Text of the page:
Women fascinate me. Or more accurately, the way women communicate fascinates me. It's a mystery to all men.
It's such a mystery that if I were to resign indefinitely from trying to decode women-speak, absolutely no one would blame me. And that might be a wise option. Sometimes unadulterated acceptance is better than struggling comprehension.
But that's not how I roll.
I believe there is a method to all madness, and how women communicate on a date is no exception. Here is a small sample of white lies women dish out and my understanding of what they really meant.
What she said: Oh, I've never been there before! That sounds great!
What she really meant: Of course, I've been there, everybody goes there! I'm only humoring you, because I'm giving you a chance. You better make it worthwhile for me!
When a female friend told me this, my jaw hit the floor. I've heard this from almost every female I've asked out on a date.
So my favorite Italian place isn't really a little secret of mine after all. It doesn't change anything, but why am I sad?
What she said: I'm a homebody; I don't like to go out that often; I like to stay home; I don't drink much; I have an early meeting at work tomorrow, so I can do only one round tonight; etc.
What she really means: I actually love going out and I can handle my liquor, but don't you dare think that I'm a party girl. I want to be treated as a lady.
“Party girl” is one of the worst labels for a woman, inching near “slut” and totally opposing “lady.” Even if I’m holding the hair of a cute girl who is puking her brains out after her ninth tequila shot at a dive bar full of college students, I must still compliment her at being such a fine young lady who simply had a tough day, while I hand her a wad of toilet paper to wipe her mouth.
Why? Every woman wants– no, every woman needs to be treated like a lady. It's a matter of respect and decency. And if I treat a woman with such great manners, it shows more about my character, not hers.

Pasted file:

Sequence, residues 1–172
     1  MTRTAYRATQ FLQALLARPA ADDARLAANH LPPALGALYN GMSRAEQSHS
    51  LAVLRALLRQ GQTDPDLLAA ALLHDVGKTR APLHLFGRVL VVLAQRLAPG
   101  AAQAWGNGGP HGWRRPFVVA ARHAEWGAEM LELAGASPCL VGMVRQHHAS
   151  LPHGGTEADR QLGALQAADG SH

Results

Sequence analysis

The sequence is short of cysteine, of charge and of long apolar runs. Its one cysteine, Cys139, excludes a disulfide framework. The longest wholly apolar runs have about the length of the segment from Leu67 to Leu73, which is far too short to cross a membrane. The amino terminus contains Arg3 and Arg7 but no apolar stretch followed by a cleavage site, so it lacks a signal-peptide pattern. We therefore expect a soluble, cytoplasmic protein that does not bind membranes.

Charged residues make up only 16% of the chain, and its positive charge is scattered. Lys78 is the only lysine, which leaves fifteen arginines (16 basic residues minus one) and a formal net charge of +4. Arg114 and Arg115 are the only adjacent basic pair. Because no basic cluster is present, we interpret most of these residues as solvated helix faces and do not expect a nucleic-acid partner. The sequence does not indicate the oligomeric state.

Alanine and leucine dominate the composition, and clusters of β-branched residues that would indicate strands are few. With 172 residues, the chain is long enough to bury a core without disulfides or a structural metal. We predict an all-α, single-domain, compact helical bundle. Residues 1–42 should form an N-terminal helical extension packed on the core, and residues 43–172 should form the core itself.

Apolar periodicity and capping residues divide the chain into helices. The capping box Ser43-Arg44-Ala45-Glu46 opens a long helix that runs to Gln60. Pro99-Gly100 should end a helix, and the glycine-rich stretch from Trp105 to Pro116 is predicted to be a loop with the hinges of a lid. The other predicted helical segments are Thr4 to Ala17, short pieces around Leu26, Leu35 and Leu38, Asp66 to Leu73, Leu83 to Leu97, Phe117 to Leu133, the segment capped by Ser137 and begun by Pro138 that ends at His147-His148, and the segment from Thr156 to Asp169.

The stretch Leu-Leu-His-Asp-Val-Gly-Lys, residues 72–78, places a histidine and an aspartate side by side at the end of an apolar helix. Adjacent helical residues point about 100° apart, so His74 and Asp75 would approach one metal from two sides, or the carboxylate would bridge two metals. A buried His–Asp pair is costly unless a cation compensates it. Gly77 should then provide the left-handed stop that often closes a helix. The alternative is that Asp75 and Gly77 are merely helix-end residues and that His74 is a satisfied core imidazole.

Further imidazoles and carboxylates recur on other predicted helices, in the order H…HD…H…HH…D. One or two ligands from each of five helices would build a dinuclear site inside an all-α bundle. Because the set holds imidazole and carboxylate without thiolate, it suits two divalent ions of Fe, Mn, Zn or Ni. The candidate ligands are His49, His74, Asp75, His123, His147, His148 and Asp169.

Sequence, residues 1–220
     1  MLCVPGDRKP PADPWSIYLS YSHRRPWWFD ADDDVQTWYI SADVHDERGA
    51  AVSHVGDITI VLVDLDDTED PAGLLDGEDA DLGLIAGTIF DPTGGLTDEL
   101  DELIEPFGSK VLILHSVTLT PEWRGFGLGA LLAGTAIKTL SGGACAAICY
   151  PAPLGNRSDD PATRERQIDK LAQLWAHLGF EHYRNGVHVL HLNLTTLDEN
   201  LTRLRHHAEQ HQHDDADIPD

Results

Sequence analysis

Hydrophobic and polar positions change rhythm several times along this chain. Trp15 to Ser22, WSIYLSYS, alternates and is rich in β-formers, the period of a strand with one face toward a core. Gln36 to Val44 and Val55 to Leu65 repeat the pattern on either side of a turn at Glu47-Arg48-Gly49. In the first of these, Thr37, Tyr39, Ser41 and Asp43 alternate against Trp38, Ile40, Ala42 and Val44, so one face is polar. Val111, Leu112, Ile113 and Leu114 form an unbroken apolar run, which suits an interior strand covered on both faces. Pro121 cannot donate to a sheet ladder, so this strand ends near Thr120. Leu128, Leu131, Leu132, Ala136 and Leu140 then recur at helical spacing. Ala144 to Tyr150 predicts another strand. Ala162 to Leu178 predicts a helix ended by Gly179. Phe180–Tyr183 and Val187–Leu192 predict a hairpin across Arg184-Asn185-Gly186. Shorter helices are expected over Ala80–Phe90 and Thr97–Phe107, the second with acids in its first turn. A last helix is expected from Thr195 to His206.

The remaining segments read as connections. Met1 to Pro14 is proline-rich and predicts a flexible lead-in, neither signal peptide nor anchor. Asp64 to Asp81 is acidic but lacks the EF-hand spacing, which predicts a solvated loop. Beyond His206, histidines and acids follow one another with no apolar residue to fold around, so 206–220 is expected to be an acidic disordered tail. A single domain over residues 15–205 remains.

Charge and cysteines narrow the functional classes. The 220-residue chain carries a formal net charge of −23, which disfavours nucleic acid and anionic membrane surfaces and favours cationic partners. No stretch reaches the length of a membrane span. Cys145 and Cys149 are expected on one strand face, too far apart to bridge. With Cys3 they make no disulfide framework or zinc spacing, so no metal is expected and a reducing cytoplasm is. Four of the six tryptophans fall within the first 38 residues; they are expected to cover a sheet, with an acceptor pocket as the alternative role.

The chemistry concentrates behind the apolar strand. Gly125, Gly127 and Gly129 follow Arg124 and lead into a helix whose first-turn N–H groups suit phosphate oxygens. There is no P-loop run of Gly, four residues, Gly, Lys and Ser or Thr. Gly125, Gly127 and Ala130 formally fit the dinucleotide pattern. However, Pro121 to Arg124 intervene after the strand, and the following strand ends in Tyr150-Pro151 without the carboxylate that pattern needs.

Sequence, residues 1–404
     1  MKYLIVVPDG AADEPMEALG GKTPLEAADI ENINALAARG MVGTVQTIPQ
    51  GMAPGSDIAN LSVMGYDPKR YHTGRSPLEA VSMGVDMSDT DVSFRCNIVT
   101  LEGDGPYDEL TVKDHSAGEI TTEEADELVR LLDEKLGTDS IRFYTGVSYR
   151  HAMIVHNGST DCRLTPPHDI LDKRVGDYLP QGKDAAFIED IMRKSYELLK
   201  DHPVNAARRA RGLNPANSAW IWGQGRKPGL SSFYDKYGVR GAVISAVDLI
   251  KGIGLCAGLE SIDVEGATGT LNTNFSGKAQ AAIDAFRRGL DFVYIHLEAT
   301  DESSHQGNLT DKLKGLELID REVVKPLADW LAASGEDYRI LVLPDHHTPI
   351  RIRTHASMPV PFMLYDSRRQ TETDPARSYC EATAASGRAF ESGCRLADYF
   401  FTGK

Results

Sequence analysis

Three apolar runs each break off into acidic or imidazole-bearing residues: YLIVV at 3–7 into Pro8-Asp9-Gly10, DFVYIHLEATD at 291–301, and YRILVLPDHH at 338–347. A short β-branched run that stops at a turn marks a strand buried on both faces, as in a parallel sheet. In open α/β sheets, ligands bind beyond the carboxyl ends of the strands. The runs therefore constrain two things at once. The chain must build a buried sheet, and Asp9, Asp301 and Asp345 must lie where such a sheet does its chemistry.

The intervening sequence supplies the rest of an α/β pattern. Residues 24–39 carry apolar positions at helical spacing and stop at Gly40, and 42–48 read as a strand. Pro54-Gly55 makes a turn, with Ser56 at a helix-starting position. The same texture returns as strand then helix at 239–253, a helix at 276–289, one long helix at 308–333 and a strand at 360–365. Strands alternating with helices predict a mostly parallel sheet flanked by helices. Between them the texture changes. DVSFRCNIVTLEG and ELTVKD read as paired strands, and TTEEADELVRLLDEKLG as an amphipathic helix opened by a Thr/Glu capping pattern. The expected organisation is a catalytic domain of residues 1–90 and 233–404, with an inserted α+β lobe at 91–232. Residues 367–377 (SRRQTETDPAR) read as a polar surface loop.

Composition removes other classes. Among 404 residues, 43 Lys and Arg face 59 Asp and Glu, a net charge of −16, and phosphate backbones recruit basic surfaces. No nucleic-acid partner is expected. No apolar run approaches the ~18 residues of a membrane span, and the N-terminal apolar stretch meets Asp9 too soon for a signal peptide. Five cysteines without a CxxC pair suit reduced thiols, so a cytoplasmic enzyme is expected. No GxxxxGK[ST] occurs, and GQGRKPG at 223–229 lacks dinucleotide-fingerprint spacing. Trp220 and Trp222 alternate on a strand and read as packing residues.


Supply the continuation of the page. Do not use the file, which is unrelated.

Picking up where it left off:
What she said: I had a nice time; You're a nice guy; I'll get the check next time we meet, etc.
What she really meant: You don't see me jumping for joy about you, do you? Yeah, you probably won't see me again, dude.
Generally, when a woman describes me or our time together as “nice,” my mind checks out. Nice is probably the weakest compliment, if it even is a compliment at all.
What makes a good first date? A second date. And if the second date isn't brought up during the first one with a certain level of specificity –like a indie movie the girl and I both want to see– there's a good chance it won't happen at all.
What she said: I take things slow, Let's be friends for now, I don't want to rush into things, etc.
What she really means: I might like you, but I'm currently uncertain. I just want you to lead the way for us in the friendliest way, but you must not make it awkward or nerve-wracking for me. We're nothing right now, but we CAN be something later on.
I chuckle whenever someone says “cost-benefit ratio” outside of a business context. It's not even a ratio, but a euphemism for “I want as much of the benefits as possible by paying the least amount of costs, because I'm narcissistic and greedy.”
But then I shrug. It's human nature.
A woman will tell such white lies in hopes of having the man treat her specially. She wants the benefit of this special treatment, yet without the cost of going beyond “just friends.” It can be a big step for some women, which is why they need this romantically-ambiguous-zone buffer.
This sort of white lie can be a good sign, really. She's simply communicating to the man, “If you can make it comfortable and casual for me, then you can get me.”
And doesn’t that sort of white lie make women fascinating?
Tommy Danger Kim lives in New York City where he enjoys classy activities such as making happy babies cry on the subway and chasing skinny girls in Central Park while pretending to run. He shares his dating observations on Just Call Her, a dating blog for awkward people.